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blues/jazz

Jeff Widgren / Courtesy Jeff Widgren

Kansas City jazz lovers are agonizing over the news that Take Five Coffee + Bar will close on Aug. 15.

“We are very sad to have to make this announcement, but Take Five is going to be taking an indefinite ‘set break,’” owners Lori and Doug Chandler wrote on the venue’s Facebook page on July 31.

Since then, an outpouring of sentiment on social media has “made a very difficult situation for us much easier to bear,” says Lori Chandler.

Cody Newill / KCUR

The 2nd Annual American Jazz Walk of Fame honored six jazz musicians with medallions on the sidewalk in front of the Gem Theater off 18th and Vine in Kansas City Saturday.

Jazz figures like Coleman Hawkins, Myra Taylor and Lester Young were honored posthumously, but longtime Kansas City jazz-organist Everette DeVan was there in person to receive the honor.

Local Listen: Julian Vaughn

May 6, 2015

Julian Vaughn is among the Kansas City-based jazz musicians better known internationally than in their hometown. A few of the bassist’s recordings are mainstays on contemporary jazz playlists.

This week’s edition of Local Listen features “Initiate,” a track from Vaughn’s new album “Limitless.”

To hear more, check out the Gem Theater this Friday, where Vaughn will celebrate the release of “Limitless.”

Charvex / Wikimedia -- CC

Every Kansas Citian has a list of out-of-towner attractions — barbecue, the Nelson-Atkins, a stroll through the Plaza. But we have been wondering: what should Kansas Citians be putting on our own to-do list? What hidden gems are right next to us that we need to see (or do) at least once?

We asked you to give us your suggestions, and we got a ton of them!

Here we present the incomplete "Kansas Citian bucket list" — a list of things every person in Kansas City should do at least once. Feel free to add additional items in the comments.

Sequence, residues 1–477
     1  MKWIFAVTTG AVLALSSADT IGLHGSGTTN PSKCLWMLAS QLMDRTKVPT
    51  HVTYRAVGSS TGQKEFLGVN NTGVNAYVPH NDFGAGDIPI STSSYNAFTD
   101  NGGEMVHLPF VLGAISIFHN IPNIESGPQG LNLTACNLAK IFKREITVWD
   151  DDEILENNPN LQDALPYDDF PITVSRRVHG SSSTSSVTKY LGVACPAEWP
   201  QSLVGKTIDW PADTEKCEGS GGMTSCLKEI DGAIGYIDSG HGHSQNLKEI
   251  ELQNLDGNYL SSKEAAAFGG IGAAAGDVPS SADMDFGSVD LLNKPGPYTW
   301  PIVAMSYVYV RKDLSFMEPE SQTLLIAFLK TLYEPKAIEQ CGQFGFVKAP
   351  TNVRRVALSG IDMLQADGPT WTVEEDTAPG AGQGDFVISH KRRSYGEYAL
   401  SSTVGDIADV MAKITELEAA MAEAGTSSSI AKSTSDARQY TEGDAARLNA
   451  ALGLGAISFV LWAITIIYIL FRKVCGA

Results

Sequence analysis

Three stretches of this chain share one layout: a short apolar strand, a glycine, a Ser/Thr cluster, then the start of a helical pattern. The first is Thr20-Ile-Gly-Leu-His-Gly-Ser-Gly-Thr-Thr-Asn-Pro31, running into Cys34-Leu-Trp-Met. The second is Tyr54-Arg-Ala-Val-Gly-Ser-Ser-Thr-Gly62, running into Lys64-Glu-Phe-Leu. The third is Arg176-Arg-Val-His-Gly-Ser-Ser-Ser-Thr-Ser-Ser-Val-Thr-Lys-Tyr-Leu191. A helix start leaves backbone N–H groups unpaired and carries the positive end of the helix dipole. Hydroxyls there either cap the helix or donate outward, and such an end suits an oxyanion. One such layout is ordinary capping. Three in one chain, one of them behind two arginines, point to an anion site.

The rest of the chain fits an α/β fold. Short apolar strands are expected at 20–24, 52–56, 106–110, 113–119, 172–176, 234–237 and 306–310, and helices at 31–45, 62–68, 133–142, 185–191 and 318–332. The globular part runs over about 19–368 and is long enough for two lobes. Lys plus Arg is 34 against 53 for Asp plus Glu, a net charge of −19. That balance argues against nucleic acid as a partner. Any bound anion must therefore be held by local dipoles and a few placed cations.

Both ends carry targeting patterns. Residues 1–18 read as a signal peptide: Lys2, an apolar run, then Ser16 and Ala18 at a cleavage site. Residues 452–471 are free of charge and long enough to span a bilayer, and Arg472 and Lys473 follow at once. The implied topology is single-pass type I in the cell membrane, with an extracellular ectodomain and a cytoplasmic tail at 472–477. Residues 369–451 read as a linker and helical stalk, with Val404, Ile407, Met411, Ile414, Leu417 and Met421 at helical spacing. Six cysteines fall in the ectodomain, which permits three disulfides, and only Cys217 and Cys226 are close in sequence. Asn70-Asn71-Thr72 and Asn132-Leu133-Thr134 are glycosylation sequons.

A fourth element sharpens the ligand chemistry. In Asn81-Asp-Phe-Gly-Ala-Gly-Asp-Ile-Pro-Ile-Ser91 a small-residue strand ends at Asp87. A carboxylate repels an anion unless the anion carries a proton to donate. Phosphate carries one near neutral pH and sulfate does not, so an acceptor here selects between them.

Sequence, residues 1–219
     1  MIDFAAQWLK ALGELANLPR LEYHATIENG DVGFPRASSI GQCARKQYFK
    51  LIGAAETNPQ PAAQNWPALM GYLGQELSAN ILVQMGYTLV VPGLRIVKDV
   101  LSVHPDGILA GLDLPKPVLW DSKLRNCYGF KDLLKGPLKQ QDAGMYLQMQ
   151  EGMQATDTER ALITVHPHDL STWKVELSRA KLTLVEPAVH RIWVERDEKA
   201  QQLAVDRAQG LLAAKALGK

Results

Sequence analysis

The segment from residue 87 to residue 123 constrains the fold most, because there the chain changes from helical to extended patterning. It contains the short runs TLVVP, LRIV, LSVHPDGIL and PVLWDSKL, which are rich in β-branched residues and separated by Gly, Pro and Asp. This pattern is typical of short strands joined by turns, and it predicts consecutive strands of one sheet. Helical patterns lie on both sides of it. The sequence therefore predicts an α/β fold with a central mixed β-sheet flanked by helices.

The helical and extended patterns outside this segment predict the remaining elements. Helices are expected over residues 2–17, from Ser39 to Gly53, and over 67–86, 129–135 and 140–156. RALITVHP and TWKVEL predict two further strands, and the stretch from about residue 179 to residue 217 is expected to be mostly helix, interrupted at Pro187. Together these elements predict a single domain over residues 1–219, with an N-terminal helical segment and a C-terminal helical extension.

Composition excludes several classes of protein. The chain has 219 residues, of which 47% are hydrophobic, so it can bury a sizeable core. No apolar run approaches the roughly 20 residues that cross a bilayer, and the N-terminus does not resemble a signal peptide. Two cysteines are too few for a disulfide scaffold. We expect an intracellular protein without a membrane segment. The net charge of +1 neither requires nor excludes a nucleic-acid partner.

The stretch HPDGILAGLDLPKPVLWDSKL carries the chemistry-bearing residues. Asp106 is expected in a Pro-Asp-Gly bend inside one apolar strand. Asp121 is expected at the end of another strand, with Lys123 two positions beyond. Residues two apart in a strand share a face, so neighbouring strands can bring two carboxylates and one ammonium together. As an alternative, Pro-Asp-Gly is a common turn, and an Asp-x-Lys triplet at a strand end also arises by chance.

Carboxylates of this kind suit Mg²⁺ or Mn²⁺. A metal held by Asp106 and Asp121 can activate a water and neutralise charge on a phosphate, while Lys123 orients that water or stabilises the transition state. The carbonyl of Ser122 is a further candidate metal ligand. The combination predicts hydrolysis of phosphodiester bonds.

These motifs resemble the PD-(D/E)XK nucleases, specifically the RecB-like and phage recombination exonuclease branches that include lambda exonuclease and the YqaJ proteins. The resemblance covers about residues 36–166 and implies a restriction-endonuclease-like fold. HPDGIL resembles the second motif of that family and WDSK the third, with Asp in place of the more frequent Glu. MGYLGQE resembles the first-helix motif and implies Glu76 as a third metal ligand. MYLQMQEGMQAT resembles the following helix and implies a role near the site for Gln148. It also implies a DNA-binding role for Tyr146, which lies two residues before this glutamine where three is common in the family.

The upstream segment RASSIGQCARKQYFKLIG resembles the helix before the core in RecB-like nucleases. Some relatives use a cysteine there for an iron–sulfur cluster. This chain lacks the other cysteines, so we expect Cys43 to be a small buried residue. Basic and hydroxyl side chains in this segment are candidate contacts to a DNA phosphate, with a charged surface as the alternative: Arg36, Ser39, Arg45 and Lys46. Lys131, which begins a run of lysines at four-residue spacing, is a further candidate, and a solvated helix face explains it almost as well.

cdbaby.com

  New York based drummer Matt Kane returned to Kansas City last year to record compositions by Ahmad Alaadeen, Pat Metheny and Bobby Watson. The resulting album, Acknowledgement, features the Kansas City Generations Sextet, an ensemble of local luminaries including local saxophonist Steve Lambert and trumpeter Hermon Mehari. This week’s Local Listen is a sensitive rendition of Metheny’s “Question and Answer”.

Matt Kane reunites with members of the band Friday and Saturday, April 24-25, at the Green Lady Lounge to celebrate the release of "Acknowledgement".

Local Listen: Millie Edwards

Mar 6, 2015
Facebook / Oklahoma Jazz Hall of Fame

Millie Edwards may be one of the smallest members of KC’s jazz community, but she owns one of the biggest voices on the scene. This week’s Local Listen features her collaboration with pianist Mike Pagán on the Duke Ellington composition “In a Mellow Tone.”

HEAR MORE: Edwards entertains every Monday at The Phoenix. On Sunday, March 8, she’ll be featured in a KC Jazz Vespers concert at the First Baptist Church of Kansas City. Admission is free.